What is Notional Estate?
A person’s last Will dictates how their estate assets are to be distributed upon their death.
However, estate assets only include property which is owned solely by the deceased person as at the date of their death. Property held jointly with another or others (e.g. money held in joint bank accounts and real estate held by way of joint tenancy) and certain financial interests (e.g. beneficiary interests under a trust or in superannuation) are not considered estate assets.
Under the Succession Act 2006 (NSW), the Supreme Court of New South Wales has the power to ‘designate’ non-estate assets as ‘notional estate’.
Notional Estate and Family Provision Orders
Family Provision Orders can be made by the Court using a deceased person’s notional estate. Such orders may be made in favour of an eligible person who did not receive adequate provision under the estate. Examples of eligible persons include: current and former spouses, de facto or same sex partners, children, people who were members of the deceased’s household and dependent including grandchildren.
Notional Estate Orders
The Court can only make Notional Estate Orders where a deceased person left no estate, the estate was insufficient to properly provide for an eligible person, or provision ought not be made entirely out of the estate because there are other entitled persons or special circumstances exist.
The Court may make Notional Estate Orders in respect of property and/or financial interests:
- Transferred to beneficiaries during the ordinary course of estate administration;
- Transferred or disposed of during the deceased person’s lifetime (‘Relevant Property Transactions’) – outlined further below;
- Not directly owned by the deceased person but over which they exercised some form of control (superannuation, life insurance or family trust); or
- Which could have formed part of a deceased person’s estate had they exercised a power to deal with it before their death.
Relevant Property Transactions
A ‘Relevant Property Transaction’ occurs in circumstances where a person either has done an act or failed to do an act, with the result that property of a deceased person is subsequently held by another person or subject to a trust.
Where a deceased person has been given full valuable consideration (e.g. an amount fairly equivalent) in exchange for an act or failure to act, a Relevant Property Transaction does not occur. For example, if a person sells property to a family member for market value, the sale does not constitute a Relevant Property Transaction.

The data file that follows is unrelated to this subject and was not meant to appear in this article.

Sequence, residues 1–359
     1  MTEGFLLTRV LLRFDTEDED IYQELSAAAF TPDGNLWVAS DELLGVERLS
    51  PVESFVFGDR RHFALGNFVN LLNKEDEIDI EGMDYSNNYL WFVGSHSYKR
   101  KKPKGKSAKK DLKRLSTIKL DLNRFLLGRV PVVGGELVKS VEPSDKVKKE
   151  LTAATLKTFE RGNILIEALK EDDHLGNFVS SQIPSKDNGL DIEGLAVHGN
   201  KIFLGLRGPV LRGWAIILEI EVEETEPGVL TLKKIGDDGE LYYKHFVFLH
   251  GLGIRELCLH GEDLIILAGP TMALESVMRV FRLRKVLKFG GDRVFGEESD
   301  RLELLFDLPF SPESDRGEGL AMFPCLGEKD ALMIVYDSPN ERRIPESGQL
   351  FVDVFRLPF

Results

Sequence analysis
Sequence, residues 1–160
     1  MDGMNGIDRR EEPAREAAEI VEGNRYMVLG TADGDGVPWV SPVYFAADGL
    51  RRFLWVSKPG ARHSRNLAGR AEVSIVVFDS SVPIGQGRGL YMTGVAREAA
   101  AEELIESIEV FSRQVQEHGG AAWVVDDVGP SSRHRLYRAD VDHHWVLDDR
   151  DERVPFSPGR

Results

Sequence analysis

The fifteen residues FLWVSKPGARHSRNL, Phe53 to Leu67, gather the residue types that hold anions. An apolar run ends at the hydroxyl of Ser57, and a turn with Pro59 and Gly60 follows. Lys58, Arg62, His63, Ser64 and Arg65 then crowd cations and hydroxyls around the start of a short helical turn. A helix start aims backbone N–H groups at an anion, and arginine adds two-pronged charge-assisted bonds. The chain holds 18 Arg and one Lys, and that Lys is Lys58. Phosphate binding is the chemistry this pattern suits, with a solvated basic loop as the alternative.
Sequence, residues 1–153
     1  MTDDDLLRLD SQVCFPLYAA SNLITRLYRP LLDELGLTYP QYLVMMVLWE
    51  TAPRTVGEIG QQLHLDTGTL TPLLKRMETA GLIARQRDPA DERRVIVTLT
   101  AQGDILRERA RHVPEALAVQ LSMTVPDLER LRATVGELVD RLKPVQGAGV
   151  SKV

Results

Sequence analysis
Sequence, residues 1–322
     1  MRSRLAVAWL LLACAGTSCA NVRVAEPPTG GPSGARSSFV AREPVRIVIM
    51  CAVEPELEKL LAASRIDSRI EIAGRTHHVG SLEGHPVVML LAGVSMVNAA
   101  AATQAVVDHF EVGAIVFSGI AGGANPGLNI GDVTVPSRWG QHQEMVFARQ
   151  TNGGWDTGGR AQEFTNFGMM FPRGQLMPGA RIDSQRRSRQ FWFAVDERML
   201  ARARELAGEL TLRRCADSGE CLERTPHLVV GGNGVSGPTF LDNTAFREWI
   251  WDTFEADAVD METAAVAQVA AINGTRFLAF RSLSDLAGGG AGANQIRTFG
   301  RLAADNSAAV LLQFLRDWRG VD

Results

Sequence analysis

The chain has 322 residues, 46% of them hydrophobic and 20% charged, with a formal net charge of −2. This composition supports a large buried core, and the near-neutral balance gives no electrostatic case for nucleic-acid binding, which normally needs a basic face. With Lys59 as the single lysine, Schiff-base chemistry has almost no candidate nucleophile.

Kate recently passed away. At the time of her death, Kate was married to Brian who was her second husband. She had a son Evan from her first marriage. Kate owned a house as joint tenants with Brian worth about $2M, but she had very few other assets.
Under the rule of survivorship, Kate’s interest in the property passed automatically to Brian upon her death.
Had Kate arranged for the joint tenancy to be severed, she would have owned the property with Brian as tenants-in-common at the time of her death. The result being that her interest in the property would have formed part of her estate and ultimately been available in part for Evan under her will.
Kate’s failure to exercise her power to sever the joint tenancy immediately prior to her death would be considered a Relevant Property Transaction. If Evan brought proceedings for Family Provision Orders, Kate’s interest in the property could be designated as notional estate by the Court, allowing it to be distributed in part to Evan for his further maintenance, advancement and education in life.
James held a superannuation policy which incorporated a large death benefit. James died suddenly having nominated his wife under his superannuation policy.
The death benefit can be designated as notional property by the Court where, for example, the court is satisfied that a Family Provision Order ought to be made in favour of James’ children.
Here, the Relevant Property Transaction would be James’ failure to substitute his children in place of his wife under his superannuation policy immediately prior to his death.
Timing of Relevant Property Transactions
Even where the Court is satisfied that a deceased person entered into a Relevant Property Transaction, the Court can only make an order designating property as notional if the transaction happened:
- Within three (3) years of the deceased’s death, where the transaction was entered into with the intention of limiting or denying provision to an eligible applicant;
- Within one (1) year of the deceased’s death, if they had a moral obligation to adequately provide for an eligible applicant, provided the deceased’s moral obligation to the applicant was substantially greater than any moral obligation on behalf of the deceased to enter into the transaction; or
- On or after the date of death of the deceased person.
There are other notional estate orders available, aside from those relating to Relevant Property Transactions. Be sure to contact a solicitor if you believe certain property should have formed part of a deceased person’s estate.
Proceedings in respect of family provision orders (including notional property orders) must be commenced in New South Wales within one (1) year of a deceased person’s death, unless there are extenuating circumstances. You should instruct a lawyer well before this time period lapses.
If you would like to know more about matters relating to notional estate orders or family provision, we would be pleased to speak with you to advise you about your options. You can either book an appointment online or call us on (02) 4050 0330 for an obligation-free consultation.